Durham Doughnut ambassador seeks to reconnect readers with sweet memories

Apr. 05, 2014 @ 04:46 PM

With four doughnuts between them, Julie Jean Thomson was at the downtown doughnut shop Monuts Donuts with a friend recently.

The number and variety of doughnuts that they ordered sparked the interest of another customer, who asked if it was Thomson’s job to write about doughnuts.

While it’s not her regular day job, the 35-year-old Durham resident is a self-described doughnut historian, ambassador and author on the side.

Last year, she visited about one new doughnut shop a week, and tasted about 84 different varieties. She visited some shops -- such as Durham’s Monuts and Rise Biscuits and Donuts -- more than once. When she travels, she has a habit of looking for a new shop or a new flavor to try.

She attended Krispy Kreme Doughnut’s 75th anniversary celebration in Winston-Salem, and has worked up to eating six doughnuts in the 5-mile, doughnut-eating Krispy Kreme Challenge.

She is the author of a doughnut-focused blog called “Keep Your Eye Upon the Donut,” tweets about doughnuts using the Twitter handle @donutgrrl, and has also written about North Carolina doughnuts and shops for Our State magazine’s “Our State Eats” blog.

“I’ve come to realize in the last few years that doughnut shops are important to me in a way that they aren’t to other people,” Thomson said.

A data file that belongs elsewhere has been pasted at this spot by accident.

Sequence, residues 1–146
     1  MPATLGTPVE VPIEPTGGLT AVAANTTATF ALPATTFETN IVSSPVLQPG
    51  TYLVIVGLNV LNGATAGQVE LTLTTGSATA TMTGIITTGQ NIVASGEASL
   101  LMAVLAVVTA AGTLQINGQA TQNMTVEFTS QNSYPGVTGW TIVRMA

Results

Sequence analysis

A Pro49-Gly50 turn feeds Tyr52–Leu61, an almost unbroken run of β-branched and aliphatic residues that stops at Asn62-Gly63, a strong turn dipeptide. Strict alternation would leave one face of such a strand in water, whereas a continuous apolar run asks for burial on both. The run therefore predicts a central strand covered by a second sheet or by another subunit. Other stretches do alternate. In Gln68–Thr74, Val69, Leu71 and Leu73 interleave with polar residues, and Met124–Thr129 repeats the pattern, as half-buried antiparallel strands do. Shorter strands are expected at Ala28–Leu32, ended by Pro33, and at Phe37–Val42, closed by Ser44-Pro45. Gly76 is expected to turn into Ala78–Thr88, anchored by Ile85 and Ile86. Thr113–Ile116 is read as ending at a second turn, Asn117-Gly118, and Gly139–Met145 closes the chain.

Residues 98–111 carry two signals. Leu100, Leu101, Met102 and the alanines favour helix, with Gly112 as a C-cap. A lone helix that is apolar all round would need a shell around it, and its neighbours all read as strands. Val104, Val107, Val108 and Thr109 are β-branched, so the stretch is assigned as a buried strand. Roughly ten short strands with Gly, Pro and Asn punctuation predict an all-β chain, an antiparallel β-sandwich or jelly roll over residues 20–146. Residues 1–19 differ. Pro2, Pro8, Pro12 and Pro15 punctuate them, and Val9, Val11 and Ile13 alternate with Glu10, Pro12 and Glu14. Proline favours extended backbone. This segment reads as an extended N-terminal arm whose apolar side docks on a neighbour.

Recently, she curated an exhibit in New York City at the City Reliquary, a community museum. Coverage of the exhibit ended up in The New York Times and in the New York Daily News.

She traced the history of doughnut shops in Brooklyn and Manhattan back to a shop in the 17th century, and profiled nine independent shops. She had volunteered at the museum when she lived in the neighborhood in Brooklyn.

In an audio documentary that she did for the Duke University Center for Documentary Studies certificate program called “In Search of the Marble Donut,” Thomson explains that she’s on a kind of doughnut search.

The documentary traces the start of her love of doughnuts to age 4. She has vivid memories from that time of eating marble doughnuts at a shop in Michigan with her mother. They sat at the counter on brown bar stools and ate doughnuts served on wax paper. There were little flakes of frosting left over at the end.

“I can see it all,” Thomson said. “It was a really powerful and delicious memory.”

She goes on to try doughnuts at a range of different shops. She’s searching for a doughnut with vanilla frosting with a chocolate drizzle like the ones she had as a child. She even returned to the place where the shop used to be in Michigan.

Now through her travels, tastings and writings, Thomson said she wants to help other people reconnect with fond memories of eating doughnuts, as well as to introduce people to new shops and doughnut varieties. And through her interviews with doughnut shop owners, she hopes to highlight their hard work.

She has written about Durham’s Rise, and Monuts, as well as Guglhupf Bakery, Restaurant, & Café’s jam-filled, Berliner yeast doughnuts and Scratch Bakery’s doughnut muffin.

With the opening of Monuts and Rise, she said she believes Durham has seen a “doughnut renaissance.” She visited each shop 10 times last year. They are bringing a lot of innovation to the art of doughnut-making, she said.

Sitting by a front window at Monuts recently, Thomson bit into a coconut dream. The coconut topping was crumbled, rather than shredded, “which is huge,” she said, because not everyone likes the shreds.

Her advice to doughnut-eating novices is to eat the flavors you like. To avoid a sugar rush, she likes to add a glass of milk. If she’s trying to taste more than one, she eats only a quarter or a half of each one. For day-old doughnuts, she said dunking them is a great way to revive them.